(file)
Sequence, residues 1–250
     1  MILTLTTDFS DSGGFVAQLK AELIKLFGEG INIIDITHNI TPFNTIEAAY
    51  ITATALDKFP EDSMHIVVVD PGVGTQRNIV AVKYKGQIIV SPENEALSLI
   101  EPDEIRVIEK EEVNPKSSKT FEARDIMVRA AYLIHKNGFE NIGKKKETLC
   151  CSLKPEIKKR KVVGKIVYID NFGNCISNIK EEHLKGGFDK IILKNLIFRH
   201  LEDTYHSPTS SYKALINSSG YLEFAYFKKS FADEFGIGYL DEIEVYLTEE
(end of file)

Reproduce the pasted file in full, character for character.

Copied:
Sequence, residues 1–250
     1  MILTLTTDFS DSGGFVAQLK AELIKLFGEG INIIDITHNI TPFNTIEAAY
    51  ITATALDKFP EDSMHIVVVD PGVGTQRNIV AVKYKGQIIV SPENEALSLI
   101  EPDEIRVIEK EEVNPKSSKT FEARDIMVRA AYLIHKNGFE NIGKKKETLC
   151  CSLKPEIKKR KVVGKIVYID NFGNCISNIK EEHLKGGFDK IILKNLIFRH
   201  LEDTYHSPTS SYKALINSSG YLEFAYFKKS FADEFGIGYL DEIEVYLTEE